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Paul A. Dirmeyer, Jiangfeng Wei, Michael G. Bosilovich, and David M. Mocko

Africa, and northwestern Australia show typical distances of less than 500 km, as does a band across the Sahel to Ethiopia, particularly during JJA. These areas show some persistence of the relatively short transport distances, even in the dry season. Surprisingly, the distances are somewhat longer in the deep tropics. The effect of the annual cycle of winds and terrestrial evaporation are evident over the middle and high latitudes of the Northern Hemisphere. Distances are shorter in the summer when

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Xing Yuan, Eric F. Wood, Nathaniel W. Chaney, Justin Sheffield, Jonghun Kam, Miaoling Liang, and Kaiyu Guan

drought events, and reducing the possibility of humanitarian crises ( Pozzi et al. 2013 ). The major source of seasonal forecast predictability comes from the ocean, and the strongest signal is the El Niño–Southern Oscillation (ENSO). As the easterly trade winds weaken, sea surface temperatures (SSTs) in the eastern tropical Pacific increase. This alters the Walker circulation and the convection zone in the tropics, affecting the climate in midlatitudes and high latitudes through Rossby wave trains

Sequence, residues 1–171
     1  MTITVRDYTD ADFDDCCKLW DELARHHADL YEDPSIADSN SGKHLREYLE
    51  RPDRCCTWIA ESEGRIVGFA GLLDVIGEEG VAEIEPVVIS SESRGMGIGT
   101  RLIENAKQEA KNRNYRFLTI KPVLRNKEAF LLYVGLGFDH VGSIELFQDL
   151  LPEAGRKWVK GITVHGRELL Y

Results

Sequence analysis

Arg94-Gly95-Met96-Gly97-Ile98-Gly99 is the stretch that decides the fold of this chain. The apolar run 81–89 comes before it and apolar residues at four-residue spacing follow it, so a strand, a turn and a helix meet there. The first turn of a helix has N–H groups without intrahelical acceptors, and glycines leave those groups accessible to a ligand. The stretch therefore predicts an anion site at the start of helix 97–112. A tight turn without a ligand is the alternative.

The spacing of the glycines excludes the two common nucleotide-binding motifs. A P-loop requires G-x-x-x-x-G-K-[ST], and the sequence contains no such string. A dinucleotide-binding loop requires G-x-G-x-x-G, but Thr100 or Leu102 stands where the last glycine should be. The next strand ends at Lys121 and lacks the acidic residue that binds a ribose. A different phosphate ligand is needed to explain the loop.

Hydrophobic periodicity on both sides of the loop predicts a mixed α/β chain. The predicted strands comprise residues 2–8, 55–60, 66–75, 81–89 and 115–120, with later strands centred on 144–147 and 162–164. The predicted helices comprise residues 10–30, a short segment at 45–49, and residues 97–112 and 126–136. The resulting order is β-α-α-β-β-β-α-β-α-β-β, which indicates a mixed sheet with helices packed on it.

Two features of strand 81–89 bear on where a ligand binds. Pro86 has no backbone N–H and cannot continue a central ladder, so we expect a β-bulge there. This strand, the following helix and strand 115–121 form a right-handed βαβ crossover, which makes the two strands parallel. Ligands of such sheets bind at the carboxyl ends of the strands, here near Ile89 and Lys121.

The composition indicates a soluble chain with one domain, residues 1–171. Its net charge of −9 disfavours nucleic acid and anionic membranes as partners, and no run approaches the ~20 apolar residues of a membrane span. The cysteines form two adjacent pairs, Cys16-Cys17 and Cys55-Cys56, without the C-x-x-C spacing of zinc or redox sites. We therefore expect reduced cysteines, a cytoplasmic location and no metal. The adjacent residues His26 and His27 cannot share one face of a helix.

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Richard Seager, Lisa Goddard, Jennifer Nakamura, Naomi Henderson, and Dong Eun Lee

sandwiched between low anomalies in the tropics and high latitudes. However, the limited similarity to the typical La Niña pattern indicates a substantial component of internal atmospheric variability in the MAM 2011 pattern. The observed height anomalies drive westerly anomalies into the Pacific Northwest that are consistent with, via a mean flow moisture convergence anomaly, a wet Pacific Northwest as observed ( Figs. 5 and 8 ). The model precipitation anomalies, with dry anomalies extending farther

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Bart Nijssen, Shraddhanand Shukla, Chiyu Lin, Huilin Gao, Tian Zhou, Ishottama, Justin Sheffield, Eric F. Wood, and Dennis P. Lettenmaier

during the rainy season in most areas with a distinct wet and dry season. For example, model spread is lowest in West Africa in JJA, in India during the monsoon season (JJA), and in northern Australia and the Mediterranean during December–February (DJF). In the humid tropics, the model spread tends to be low, although the model spread in central Africa is consistently higher than at the same latitude in South America or Oceania. e. Real-time precipitation and temperature forcings As described earlier

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